Managing Your Child’s Sweet Tooth

“Olivia loves sugar so much that if she had her way, she would live off of gummy bears and popsicles,” her frustrated mother said. “You’re a dietitian – tell me – is that normal?”

Normal? Yes.  Challenging?  Absolutely!

Concerned parents may believe their children are the only ones who seem to have been born with a sweet tooth, but the truth is, we all were.

A preference for sweetness, specifically the taste of lactose in breast milk, is crucial to an infant’s survival.  At the same time, rejecting unfamiliar substances that taste bitter is protective against eating something that could be poisonous.  Unfortunately, some vegetables, especially the leafy green ones, can have a bitter edge to them which could explain why they may be a no-go for your child.

Researchers at the Monell Chemical Senses Center tested solutions of varying sweetness on children and adults.  They found children preferred solutions that were twice as sweet as the most sugary solutions that adults could tolerate.

The good news is when most children reach adulthood, their tastes have changed. This preference shift has led researchers to speculate that while bones are still growing they send hormonal signals to the brain to eat more sugar.  Once bone growth stops, the appetite for extra helpings of sugar tends to slow down as well.

While it’s important to understand that there are biological forces involved in your child’s seemingly insatiable sweet tooth, it’s equally important not to give into his or her desire for sugar overload.

Here are three approaches to gently steer your child to a more balanced diet:

  1. Patterning: Are your kids used to seeing you reach for a handful of cookies when you get home from work or eat a donut as you drive carpool in the morning? Several studies have found that if the parents have a poor diet pattern, the children tend to as well. So, if you want your children to eat more healthfully, you may need to change your own dietary habits first. But, keep in mind that successful patterning is about being a good role model, not about controlling children’s eating habits through bribes, threats, or coercion.
  2. Planning: Another good way to bring balanced, sound nutrition to your family is to plan ahead. That means putting together a weekly menu, creating a shopping list, and sticking to that list at the supermarket. Planning a menu may sound like extra work, but you will actually save time and energy – and probably money — by being prepared. Also, having a weekly menu in place gives children an opportunity to look forward to eating a good dinner, instead of filling up on sugary snacks.
  3. Providing. When you’re planning the menu, keep in mind your child’s taste preferences by providing a touch of sweetness here and there. This will encourage your child’s acceptance of a wider variety of nutritious foods.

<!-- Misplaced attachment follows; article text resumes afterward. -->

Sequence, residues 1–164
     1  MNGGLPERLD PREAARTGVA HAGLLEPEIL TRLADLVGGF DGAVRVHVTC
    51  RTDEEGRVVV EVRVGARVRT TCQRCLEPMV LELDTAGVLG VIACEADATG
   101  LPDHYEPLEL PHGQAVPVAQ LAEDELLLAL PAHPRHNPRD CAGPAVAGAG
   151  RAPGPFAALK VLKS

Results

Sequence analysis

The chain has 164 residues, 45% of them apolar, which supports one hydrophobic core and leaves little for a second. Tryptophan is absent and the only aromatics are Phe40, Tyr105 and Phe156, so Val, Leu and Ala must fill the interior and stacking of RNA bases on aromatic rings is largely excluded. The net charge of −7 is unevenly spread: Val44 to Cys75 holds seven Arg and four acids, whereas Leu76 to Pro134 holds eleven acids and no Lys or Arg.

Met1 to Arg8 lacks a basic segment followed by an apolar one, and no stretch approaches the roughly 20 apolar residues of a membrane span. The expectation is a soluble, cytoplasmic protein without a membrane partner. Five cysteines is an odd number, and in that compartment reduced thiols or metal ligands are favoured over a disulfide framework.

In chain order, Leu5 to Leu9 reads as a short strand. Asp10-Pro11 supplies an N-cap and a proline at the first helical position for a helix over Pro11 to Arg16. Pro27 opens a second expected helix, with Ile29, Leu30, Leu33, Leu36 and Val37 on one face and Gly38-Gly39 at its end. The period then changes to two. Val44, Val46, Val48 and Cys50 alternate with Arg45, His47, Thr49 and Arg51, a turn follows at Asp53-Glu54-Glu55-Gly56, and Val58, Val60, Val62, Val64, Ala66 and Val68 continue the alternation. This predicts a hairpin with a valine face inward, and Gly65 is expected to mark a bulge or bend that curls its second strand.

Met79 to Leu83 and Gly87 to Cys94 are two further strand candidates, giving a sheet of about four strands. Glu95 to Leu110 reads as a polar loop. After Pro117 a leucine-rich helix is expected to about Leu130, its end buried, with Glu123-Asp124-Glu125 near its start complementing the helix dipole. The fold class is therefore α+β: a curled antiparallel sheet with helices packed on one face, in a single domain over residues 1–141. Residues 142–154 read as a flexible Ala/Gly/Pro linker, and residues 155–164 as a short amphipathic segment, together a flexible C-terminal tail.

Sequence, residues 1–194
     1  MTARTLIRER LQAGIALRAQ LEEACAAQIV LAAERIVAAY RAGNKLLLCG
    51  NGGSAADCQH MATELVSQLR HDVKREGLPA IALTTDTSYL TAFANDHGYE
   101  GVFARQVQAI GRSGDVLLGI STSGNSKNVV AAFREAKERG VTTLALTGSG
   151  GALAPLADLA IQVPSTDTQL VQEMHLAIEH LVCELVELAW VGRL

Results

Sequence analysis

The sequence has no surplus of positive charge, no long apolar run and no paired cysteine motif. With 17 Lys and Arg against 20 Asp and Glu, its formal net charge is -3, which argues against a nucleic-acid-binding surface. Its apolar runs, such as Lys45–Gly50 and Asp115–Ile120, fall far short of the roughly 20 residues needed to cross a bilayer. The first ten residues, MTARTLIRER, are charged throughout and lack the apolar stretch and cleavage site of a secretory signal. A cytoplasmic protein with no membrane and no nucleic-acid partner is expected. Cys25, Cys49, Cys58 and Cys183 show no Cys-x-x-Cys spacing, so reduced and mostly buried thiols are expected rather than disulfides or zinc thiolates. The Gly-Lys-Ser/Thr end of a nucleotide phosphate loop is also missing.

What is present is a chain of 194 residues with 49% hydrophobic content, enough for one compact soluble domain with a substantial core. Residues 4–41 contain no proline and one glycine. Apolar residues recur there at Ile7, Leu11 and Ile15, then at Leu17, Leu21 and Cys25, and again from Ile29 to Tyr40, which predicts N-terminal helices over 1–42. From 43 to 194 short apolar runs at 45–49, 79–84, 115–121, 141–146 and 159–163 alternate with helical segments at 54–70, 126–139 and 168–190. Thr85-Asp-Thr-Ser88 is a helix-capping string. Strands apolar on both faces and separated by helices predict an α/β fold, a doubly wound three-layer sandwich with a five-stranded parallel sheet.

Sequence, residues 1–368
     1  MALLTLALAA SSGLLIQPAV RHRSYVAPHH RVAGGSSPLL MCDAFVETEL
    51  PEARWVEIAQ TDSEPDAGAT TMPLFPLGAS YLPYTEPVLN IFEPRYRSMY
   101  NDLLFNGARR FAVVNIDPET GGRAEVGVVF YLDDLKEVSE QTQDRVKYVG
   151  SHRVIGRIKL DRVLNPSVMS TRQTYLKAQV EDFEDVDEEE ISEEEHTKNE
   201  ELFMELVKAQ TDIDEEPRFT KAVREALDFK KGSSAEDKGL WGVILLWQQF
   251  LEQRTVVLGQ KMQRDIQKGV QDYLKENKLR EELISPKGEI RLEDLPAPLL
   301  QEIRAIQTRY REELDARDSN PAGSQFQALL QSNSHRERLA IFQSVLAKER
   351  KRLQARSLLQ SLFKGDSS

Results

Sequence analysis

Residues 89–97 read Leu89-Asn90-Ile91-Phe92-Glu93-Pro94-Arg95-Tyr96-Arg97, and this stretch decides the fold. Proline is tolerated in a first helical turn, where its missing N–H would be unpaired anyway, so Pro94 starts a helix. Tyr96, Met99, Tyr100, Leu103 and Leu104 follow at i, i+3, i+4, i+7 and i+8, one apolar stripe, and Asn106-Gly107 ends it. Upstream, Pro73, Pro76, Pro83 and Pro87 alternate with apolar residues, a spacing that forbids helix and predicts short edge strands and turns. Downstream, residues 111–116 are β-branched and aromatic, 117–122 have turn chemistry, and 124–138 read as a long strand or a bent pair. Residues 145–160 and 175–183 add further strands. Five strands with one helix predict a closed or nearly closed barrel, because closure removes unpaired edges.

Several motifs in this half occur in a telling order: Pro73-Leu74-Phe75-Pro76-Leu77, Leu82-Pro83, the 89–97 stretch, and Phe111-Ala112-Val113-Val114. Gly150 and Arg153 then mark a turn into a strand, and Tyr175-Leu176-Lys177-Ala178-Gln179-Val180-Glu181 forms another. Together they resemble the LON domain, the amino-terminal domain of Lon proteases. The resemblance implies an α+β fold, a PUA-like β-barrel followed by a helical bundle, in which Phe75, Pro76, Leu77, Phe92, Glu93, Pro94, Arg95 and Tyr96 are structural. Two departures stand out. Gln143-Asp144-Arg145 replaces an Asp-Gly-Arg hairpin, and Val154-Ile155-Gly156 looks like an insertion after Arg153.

Here are some suggestions to work into your menu:

  • Fruit: Because of its natural sweetness from fructose, fruit is an excellent choice as a snack, side dish, salad, or dessert. It’s also a great addition to whole grain muffins, pancakes, and oatmeal.
  • Green salads: With a satisfying crunch and vitamin E, romaine lettuce with just a drizzle of bottled raspberry salad dressing makes a tasty salad. A raw spinach salad with mandarin oranges and dried cranberries is another popular choice.
  • Chicken: Liven up plain baked chicken with a topping of fresh fruit salsa or a fruit glaze. Also, homemade oven-baked chicken fingers are a snap to make in large batches and freeze.  Serve them with honey mustard or a homemade yogurt dip.
  • Yogurt: To boost calcium and potassium intake, choose high-quality, unsweetened yogurt and offer some “fixings” for your child to stir in. Choices could include a few mini-chocolate chips, some chopped fresh fruit, granola, cinnamon, and honey.
  • Carrots and dip: Ever notice that carrots are the first to go on raw vegetable trays? That’s because carrots taste sweeter than many other vegetables.  They are also an excellent source of vitamin A.
  • Sweet potatoes: Mash fresh sweet potatoes with a small amount of milk, butter, and salt. Nothing more is needed except perhaps a sprinkle of cinnamon sugar on top. Or, toss cubed raw sweet potato in canola oil and roast in the oven until the natural sugars caramelize.

A final note: Except in the case of allergies, no foods – including sweets — should be completely eliminated from your child’s diet. But, portion control is key. Setting up two treat days a week and letting your child choose a small candy bar, cupcake, or cookie on those days will help satisfy even the most demanding sweet tooth.


Ellen Stokes, MS, RD, LD is an award-winning video producer, director, and writer in addition to being a registered dietitian. Ellen writes and creates videos about nutrition education, food safety, menu planning, grocery shopping, and healthful cooking on a budget. Ellen has worked with organizations and companies including WebMD, the Partnership for Food Safety Education, and the University of Georgia Food Science Department. Ellen formerly worked for CNN as a writer and producer and teaches food safety and nutrition for Georgia State University. Check her out on Twitter @EllenS_RD.